Cancer patients under the national health insurance provider will soon have their treatment covered in full.
The National Hospital Insurance Fund (NHIF) has announced plans to reorganise its cancer insurance plan so as to pay for the entire treatment and care, instead of limited prescriptions.
This will see NHIF increase the number of cycles covered for chemotherapy and radiotherapy.
According to NHIF claims and benefits manager Judith Otele, the new proposals, once approved by the Ministry of Health, will reduce cases of patients defaulting on treatment once their covers run out.
“We have witnessed such cases, and it has had a big impact on our clients. This is why we are looking into a cancer care plan and not just covering treatment cycles like we do now,” said Otele.
Currently NHIF covers up to 20 radiotherapy sessions at Sh3,600 each or Sh18,000 per week.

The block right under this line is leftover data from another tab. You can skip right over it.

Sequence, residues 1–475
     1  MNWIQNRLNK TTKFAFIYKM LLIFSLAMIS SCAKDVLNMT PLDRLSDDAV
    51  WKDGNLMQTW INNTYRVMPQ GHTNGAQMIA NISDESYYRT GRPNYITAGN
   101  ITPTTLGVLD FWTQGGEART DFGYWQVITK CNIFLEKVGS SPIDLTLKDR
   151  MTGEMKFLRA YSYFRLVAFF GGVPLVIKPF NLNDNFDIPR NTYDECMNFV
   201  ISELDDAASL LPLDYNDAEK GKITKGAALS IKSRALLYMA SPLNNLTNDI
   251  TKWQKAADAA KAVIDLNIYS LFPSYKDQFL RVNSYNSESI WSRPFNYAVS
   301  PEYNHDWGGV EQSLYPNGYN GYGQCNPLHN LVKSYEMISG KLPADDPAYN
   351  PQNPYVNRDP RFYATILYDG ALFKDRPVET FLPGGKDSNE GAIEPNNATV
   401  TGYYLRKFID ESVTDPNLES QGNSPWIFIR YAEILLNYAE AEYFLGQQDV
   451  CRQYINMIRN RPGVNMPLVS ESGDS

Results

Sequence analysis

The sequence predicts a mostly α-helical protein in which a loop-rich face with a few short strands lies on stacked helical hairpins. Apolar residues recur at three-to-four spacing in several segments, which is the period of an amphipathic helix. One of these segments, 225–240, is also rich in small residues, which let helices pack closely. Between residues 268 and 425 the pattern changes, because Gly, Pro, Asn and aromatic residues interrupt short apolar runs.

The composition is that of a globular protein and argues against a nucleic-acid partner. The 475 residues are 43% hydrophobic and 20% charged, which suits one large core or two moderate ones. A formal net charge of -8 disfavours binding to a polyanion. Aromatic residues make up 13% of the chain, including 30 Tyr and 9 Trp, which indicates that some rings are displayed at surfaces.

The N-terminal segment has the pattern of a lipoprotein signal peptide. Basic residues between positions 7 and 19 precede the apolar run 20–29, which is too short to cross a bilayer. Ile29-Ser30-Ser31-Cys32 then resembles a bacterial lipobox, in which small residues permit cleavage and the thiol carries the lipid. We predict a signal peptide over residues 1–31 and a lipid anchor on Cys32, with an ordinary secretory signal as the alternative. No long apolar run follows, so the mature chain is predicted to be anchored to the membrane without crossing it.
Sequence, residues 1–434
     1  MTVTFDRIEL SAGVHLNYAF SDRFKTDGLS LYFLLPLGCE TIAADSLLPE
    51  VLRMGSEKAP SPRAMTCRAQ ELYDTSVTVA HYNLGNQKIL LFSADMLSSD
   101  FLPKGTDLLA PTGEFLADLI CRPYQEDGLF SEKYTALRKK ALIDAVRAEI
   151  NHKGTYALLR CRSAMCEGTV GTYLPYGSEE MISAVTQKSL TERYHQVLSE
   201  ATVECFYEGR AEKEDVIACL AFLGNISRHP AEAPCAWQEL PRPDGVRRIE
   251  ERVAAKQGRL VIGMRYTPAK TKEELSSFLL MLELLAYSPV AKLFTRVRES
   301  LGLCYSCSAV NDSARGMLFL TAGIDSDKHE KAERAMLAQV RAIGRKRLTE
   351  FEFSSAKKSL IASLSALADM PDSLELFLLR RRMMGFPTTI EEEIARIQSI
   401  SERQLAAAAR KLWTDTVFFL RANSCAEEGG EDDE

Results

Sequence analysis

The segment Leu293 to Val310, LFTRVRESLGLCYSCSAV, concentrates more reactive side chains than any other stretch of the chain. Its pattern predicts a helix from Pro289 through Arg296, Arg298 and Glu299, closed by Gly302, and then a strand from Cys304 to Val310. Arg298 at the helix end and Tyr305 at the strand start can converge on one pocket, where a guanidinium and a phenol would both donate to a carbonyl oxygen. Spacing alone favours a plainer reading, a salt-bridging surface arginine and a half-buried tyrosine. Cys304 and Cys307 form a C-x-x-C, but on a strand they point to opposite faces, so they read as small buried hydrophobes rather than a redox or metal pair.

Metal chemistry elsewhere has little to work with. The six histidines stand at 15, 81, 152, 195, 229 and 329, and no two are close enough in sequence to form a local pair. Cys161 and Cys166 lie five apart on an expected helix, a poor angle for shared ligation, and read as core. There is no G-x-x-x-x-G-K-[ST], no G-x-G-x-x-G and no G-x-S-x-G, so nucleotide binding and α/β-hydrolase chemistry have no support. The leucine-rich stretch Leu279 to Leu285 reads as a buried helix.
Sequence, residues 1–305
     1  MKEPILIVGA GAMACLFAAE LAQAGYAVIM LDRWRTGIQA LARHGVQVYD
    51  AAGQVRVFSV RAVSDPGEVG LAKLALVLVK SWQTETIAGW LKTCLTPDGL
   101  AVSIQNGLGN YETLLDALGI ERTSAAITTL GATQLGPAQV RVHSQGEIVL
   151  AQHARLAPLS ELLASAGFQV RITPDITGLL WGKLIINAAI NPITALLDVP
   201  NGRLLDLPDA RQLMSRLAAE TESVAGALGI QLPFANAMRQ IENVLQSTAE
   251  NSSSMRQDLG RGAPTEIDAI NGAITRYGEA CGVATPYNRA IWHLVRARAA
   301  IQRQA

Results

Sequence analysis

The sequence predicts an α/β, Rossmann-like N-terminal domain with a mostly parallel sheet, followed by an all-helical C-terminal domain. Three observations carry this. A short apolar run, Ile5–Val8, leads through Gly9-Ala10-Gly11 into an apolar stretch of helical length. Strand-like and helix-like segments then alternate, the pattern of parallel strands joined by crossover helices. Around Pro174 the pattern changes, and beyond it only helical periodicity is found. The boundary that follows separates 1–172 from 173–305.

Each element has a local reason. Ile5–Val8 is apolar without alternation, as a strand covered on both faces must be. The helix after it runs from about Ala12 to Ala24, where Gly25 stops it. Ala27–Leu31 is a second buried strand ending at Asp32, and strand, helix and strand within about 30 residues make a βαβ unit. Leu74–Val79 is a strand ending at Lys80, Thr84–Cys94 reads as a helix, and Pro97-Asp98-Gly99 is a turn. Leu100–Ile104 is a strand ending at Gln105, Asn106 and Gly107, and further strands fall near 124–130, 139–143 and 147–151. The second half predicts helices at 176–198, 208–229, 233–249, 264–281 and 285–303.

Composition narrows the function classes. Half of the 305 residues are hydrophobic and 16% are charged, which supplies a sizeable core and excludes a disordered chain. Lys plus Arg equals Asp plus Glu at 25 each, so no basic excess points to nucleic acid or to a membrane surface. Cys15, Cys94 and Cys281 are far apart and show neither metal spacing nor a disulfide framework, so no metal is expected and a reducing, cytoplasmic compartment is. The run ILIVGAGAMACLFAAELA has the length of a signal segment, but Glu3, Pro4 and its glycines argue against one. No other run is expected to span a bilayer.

Some cancer patients are prescribed for up to 36 radiotherapy sessions and have to either pay for the extra sessions from their own pockets or drop out of treatment.
For those in need of Piston Emission Tomography (PET), a diagnostic scan introduced by Aga Khan Hospital this month, NHIF has capped the cover at Sh69,500.
First line chemotherapy is capped at Sh25,000 per session, which depending on the severity of the cancer, can cost up to Sh150,000 per session.
Ms Otele said some patients, who pay the lowest amount of Sh500 per month, cannot afford full cancer treatment.
The new proposals have already been received by the Ministry of Health. The national insurer is waiting for protocols on how to expand the cover and rebrand it to cancer care.
In the financial year 2017/18, NHIF spent Sh1.3 billion on cancer covers, which is 11 per cent more compared to the previous year.
Numbers given by the insurer show that at least 68 per cent of families with cancer patients experience financial hardships, 53 per cent of patient recovery is affected by lack of funds, while six per cent of families sell assets to offset bills.
One in four uninsured patients delay cancer diagnosis and treatment.
According to the Health ministry, cancer kills 33,000 people in Kenya every year and about 48,000 new cases are diagnosed in the same period.
The ministry's head of curative services, Dr Isaac Odongo, described cancer statistics in the country as worrying.